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Scientists have found a “incredible” discovery of ancient human DNA, which they believe may help them piece together Southeast Asia’s mystery ancestry.

According to a study published Wednesday in Nature Genetics, little is known about the population history of current people in Southeast Asia since ancient DNA is easily damaged due to the tropical climate.

Scientists discovered a partially preserved human skeleton in a limestone cave at Leang Panninge on the Indonesian island of Sulawesi in 2015, a find that was “exceptionally rare” in the region due to the humid climate’s “exceptionally brutal” impact on material preservation. Adam Brumm, a professor of archaeology at Griffith University in Brisbane, Australia, and one of the study’s authors, told to Australian news broadcaster ABC News that genetics are lost once an organism dies.

Credits: University of Hasanuddin
Fragmentary remains of the human skull.

As per study, DNA analysis revealed that the remains belonged to a young female hunter-gatherer in pre-Neolithic periods, aged around 17 or 18. According to Brumm, it shares half of its DNA with Aboriginal Australians and the other half with individuals from Papua New Guinea.

Around 7,200 years ago, the woman was buried in a fetal-like position in a shallow grave within a Toalean burial site, according to Brum. According to Brumm, she was discovered with enormous pebbles piled over and around her body. Artifacts including “very complex stone tools” like chipped arrowheads were also discovered in the tomb, possibly as a grave offering, according to Brumm.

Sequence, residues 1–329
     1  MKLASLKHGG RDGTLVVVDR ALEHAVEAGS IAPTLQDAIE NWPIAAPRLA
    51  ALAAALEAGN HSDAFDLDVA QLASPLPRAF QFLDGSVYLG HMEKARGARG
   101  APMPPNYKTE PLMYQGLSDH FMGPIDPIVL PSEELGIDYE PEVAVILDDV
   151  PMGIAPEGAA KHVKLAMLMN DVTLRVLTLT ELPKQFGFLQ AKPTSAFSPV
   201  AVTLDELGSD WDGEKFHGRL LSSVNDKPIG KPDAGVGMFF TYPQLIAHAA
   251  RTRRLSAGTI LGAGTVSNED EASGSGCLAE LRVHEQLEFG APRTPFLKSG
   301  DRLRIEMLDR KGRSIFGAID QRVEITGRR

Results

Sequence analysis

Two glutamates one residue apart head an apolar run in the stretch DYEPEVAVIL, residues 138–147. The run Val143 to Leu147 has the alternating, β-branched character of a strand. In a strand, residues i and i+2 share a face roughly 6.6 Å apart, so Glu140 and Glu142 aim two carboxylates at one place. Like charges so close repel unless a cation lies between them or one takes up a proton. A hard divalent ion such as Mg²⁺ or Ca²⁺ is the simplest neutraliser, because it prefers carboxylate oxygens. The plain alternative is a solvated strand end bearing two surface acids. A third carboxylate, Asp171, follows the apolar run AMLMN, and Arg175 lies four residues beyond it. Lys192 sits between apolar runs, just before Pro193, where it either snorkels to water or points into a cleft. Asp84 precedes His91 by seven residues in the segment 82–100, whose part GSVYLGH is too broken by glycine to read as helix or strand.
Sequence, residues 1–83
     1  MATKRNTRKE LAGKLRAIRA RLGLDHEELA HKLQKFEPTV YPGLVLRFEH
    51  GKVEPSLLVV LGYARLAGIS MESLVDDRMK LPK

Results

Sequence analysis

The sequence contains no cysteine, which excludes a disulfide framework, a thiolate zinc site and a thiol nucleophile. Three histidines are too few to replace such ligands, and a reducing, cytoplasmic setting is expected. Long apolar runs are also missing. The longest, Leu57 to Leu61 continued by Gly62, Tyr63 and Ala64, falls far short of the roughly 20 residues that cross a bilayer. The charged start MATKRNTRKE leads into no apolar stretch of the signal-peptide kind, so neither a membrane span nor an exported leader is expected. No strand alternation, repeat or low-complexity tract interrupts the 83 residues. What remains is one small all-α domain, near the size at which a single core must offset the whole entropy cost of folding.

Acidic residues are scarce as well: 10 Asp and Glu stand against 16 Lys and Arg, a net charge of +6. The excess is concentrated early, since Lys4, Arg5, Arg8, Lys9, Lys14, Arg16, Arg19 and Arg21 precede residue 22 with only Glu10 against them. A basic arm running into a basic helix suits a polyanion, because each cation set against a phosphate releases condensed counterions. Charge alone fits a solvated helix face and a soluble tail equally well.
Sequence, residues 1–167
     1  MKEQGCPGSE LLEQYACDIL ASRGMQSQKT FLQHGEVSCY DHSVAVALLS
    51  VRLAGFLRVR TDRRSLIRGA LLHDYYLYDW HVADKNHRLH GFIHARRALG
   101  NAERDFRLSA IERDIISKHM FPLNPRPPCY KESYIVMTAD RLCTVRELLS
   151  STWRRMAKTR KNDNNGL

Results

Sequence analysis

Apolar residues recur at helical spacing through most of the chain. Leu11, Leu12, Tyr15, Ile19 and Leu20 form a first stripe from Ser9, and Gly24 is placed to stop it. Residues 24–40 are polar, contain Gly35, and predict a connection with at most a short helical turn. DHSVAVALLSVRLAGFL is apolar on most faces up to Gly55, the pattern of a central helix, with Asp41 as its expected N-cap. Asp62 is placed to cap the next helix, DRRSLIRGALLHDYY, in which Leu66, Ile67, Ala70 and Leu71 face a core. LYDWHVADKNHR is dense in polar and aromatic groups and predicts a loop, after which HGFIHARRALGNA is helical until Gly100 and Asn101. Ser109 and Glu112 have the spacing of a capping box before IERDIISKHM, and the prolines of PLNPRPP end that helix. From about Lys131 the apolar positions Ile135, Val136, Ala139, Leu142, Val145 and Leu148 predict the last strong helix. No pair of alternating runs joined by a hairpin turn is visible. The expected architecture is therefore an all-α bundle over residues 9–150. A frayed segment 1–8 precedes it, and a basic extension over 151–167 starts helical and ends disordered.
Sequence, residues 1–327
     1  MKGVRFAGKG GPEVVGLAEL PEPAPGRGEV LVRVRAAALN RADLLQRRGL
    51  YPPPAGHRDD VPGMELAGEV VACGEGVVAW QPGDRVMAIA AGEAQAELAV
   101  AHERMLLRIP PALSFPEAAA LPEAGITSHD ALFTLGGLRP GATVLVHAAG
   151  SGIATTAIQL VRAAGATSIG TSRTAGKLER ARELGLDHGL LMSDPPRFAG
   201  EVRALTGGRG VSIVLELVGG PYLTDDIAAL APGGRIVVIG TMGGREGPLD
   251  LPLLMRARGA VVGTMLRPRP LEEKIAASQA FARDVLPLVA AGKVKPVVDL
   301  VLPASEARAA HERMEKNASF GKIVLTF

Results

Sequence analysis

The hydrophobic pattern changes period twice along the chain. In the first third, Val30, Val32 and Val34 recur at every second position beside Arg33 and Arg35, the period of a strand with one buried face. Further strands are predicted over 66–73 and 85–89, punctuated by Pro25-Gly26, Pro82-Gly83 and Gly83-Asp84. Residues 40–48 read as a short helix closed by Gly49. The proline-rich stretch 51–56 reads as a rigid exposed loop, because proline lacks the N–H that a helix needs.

According to Brumm, it is the first ancient DNA discovered in Wallacea, a “massive” expanse of thousands of marine islands lying between Asia and Australia’s continental landmasses. At least 50,000 years ago, modern people passed through Wallacea on their way to the Australian continent.

Because early human skeletal remains are “exceptionally scarce” in the region, scientists know “very little” about human migration to the “gateway to Australia,” according to Brumm, who added that this “unique culture” has “always been a bit of a mystery.”

“So finding ancient DNA from the region is incredibly important because we can start looking at the genetic ancestry of humans in that area using genomic investigations,” he said. “We can begin by studying population history. It simply gives us a lot more information than we currently have.”

According to the study, the woman’s DNA belonged to a population group that is more closely related to modern-day Near Oceanian populations, which include Australia and Polynesia, than to East Asian ones.

According to the experts, the woman may have a native lineage that predates the arrival of modern people on Sulawesi. However, it is unknown whether this group is responsible for the region’s oldest human evidence, Sulawesi cave art, which dates back at least 45,500 years.

This News article is based on a report of ABC news.

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